By Mohammed Adamu
Niger State is famed, on the one hand, for Power -on account of two contradistinctive sources of power and noted, on the other, for history -on account of two opposing causes of history. As Power State, she is the source of two voltages: one political, being the birth place of two former Military Heads of State, (IBB and Abdulsalami), and the other hydro-electrical, -being home to the nation’s only two hydro- dams, (Kainji and Shiroro).
And, of history, she is noted for the same illustrious sons, IBB, a veritable creator and maker of history (if not because of his extra-military adventures, the historic annulment of June 12); and Abdulsalami, a creature and beneficiary of it (if not on account of his un- stirring ascension to power, his historic handover to a democracy. Yet, Niger is noted for history on account of another dual apposite: being home to Nigerias first colonial seat of power, Zungeru; -and itself birth-home of one of Nigeria’s foremost nationalists and first President, Nnamdi Azikiwe.
And, concerning things of note, Minna, the capital, is noted for state-of-the art drainage systems that have ended perennial urban floods and an excellent network of roads combing the city from its hairless scapula up to its soaring groovy forehead on the segregated Hill-Tops of Minna where, again, IBB and Abdulsalami are pre-eminently ensconced.
But these facilities are neither a state-wide phenomenon nor are they even the dividends of our democracy; -but largely benevolent gifts of the military, particularly under IBB’s regime.
Of note too are the state’s enormous agricultural potentials in virtually all sectors of it. In the expanse, type and fecundity of her soil; in the multi variegation of her crop and plant varieties; the irrigable nature of her lands; her largely untapped, cash-crop-rich ecosystems; numerous fish sources and diverse species; a plenitude of graze-able plains for animal husbandry, and in the existence of a clement weather conducive for a variety of all-year farming systems, Niger State is preeminently nonpareil.
She is no less endowed in other exploitable but regrettably dormant treasures such as her huge gold deposits; many tourism destinations like the twin-dams in Shiroro and Kainji, waterfalls of Gurara, Borgu Games Reserve; the famous Ladi Kwali Pottery; Zuma Rock, -a natural landmark-mystic significant, especially in its touristic value; and a strategically-positioned Gateway City, Suleja, that is exploitable in its Real-estate potentials both on account of its Gateway location to the nation’s capital and its enviable history as the baptismal progenitor of Abuja. All these constituting a potpourri of saleables from which a world of infinite commercial possibilities lies.
Asking: what has Talba done? is a rhetorical enquiry more into whether or not he has exploited these treasures than it is a contest zone for whether he has been consistent in the payments of pensions, salaries and gratuities; -which even non-benevolent governments do, if that’s all they do; or the fact that government has introduced free female education -or ante-natal care for pregnant women, -again, fringe services even non- democratic, millennium-goals-conscious governments effortlessly render; or that Niger has done what every state does: -built houses for civil servants -because in the midst of scarce resources it suffices, ordinarily, that civil servants (constituting an infinitesimal fraction of a state’s population), have at least a monthly take-home pay, benefit from numerous genuine and flimsy allowances, engage in daily chuwa-chuwa , and in the end are entitled to pension and gratuity. A governor should do well to prioritise the construction of culverts because its franchise of usage is wider than the restricted ownership of white-collar estates.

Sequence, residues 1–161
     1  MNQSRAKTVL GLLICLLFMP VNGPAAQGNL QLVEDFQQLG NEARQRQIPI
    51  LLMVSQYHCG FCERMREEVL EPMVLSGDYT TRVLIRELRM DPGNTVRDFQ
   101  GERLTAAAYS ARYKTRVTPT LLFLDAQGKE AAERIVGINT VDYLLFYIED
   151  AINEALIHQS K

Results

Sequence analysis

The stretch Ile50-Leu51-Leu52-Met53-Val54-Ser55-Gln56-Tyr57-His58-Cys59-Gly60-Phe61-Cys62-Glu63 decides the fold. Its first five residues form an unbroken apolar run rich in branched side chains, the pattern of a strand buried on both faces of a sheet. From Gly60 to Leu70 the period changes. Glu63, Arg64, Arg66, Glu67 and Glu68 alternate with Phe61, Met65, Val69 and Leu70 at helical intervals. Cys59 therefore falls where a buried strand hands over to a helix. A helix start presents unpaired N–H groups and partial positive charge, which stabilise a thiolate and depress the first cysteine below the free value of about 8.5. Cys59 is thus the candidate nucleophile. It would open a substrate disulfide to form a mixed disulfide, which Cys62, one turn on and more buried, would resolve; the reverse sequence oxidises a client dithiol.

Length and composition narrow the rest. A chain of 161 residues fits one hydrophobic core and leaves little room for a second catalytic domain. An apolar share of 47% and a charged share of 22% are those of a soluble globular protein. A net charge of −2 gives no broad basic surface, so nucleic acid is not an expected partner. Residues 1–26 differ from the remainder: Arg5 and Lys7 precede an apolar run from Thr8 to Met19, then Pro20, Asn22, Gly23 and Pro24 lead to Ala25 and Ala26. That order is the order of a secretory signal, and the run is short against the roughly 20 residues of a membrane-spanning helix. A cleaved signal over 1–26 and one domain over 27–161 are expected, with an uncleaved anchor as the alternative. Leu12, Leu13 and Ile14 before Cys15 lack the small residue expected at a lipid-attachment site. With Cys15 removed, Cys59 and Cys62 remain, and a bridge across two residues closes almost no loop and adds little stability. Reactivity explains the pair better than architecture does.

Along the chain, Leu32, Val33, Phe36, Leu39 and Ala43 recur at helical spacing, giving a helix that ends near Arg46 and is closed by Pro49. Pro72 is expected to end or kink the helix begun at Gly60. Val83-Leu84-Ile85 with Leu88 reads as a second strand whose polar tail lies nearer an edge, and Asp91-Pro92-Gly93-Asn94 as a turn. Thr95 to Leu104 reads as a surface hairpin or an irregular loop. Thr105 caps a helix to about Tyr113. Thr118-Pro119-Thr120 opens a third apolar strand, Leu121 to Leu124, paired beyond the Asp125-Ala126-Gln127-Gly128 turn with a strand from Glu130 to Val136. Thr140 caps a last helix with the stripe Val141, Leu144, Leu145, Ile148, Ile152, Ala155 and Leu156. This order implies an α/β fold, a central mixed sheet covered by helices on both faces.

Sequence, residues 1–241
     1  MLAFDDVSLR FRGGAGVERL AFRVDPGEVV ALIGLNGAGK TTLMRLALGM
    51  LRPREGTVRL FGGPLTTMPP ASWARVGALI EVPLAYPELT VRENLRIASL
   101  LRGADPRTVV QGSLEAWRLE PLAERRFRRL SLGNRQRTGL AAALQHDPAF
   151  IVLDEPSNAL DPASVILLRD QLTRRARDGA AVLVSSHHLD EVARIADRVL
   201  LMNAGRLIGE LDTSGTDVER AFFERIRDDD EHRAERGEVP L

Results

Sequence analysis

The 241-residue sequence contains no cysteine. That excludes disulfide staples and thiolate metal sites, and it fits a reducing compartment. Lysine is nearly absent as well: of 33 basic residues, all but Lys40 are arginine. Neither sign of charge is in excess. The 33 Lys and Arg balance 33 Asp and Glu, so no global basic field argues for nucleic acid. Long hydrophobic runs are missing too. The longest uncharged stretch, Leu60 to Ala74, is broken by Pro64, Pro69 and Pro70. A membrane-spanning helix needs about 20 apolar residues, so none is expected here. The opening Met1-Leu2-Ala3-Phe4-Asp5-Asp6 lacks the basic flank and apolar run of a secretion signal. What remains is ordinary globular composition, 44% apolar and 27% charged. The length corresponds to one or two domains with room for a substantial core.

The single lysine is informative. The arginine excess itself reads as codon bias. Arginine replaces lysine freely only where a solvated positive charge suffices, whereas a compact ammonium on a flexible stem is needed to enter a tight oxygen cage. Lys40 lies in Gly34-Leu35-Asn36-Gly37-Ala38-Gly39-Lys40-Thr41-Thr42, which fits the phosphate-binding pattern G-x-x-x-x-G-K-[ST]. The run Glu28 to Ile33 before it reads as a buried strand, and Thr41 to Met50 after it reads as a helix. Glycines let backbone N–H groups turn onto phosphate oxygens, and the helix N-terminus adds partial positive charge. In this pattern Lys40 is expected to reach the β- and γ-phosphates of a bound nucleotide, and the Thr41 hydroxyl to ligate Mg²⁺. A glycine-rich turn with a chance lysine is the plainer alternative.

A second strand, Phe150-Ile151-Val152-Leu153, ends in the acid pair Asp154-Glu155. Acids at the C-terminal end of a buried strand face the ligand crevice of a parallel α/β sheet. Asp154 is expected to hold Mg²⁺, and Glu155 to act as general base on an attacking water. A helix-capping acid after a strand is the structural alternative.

Thus, an enquiry into a governor’s performance should not be about ephemeral everyday administration, but the more enduring issues of development; the serious Einstein-peak that lifts Lagos into space, not the mutative, Darwinian pitch that keeps others paddling below sea-levels.
Talba himself, at his inaugural, promised this much: to set, he said, goals that will raise the standard of living for everyone; to make Niger State one of the most if not the most developed state in Nigeria; to tap her untapped agricultural potentials in order, he said, to improve food security, process for export and to generate gainful employment for our citizens; and to not only establish secondary health care facilities in all local government headquarters but a medical city that shall serve the whole of West Africa.
Can’t blame a governor for making good promises? Or assail him for genuinely failing to deliver on them? Yet, by a stretch of equidistant logic, no reputation should be built on the basis of good intentions. Great ideas C.D. Jackson said, need landing gear as well as wings. But the big issue is: why four years from the ambitious, high-tech pitch of Talba’s lofty inaugural goals, the taps -even in Minna- should not run with the most basic of needs, water?
If even Kure who met them gurgling, at least, did manage to leave them dripping, has not Talba laid himself bare to the ambush, even, of a governor whose name is a metaphor and his regime a byword- for non-performance?
Or now that the electoral storms are over, will Talba change gear? Will he wear new wings?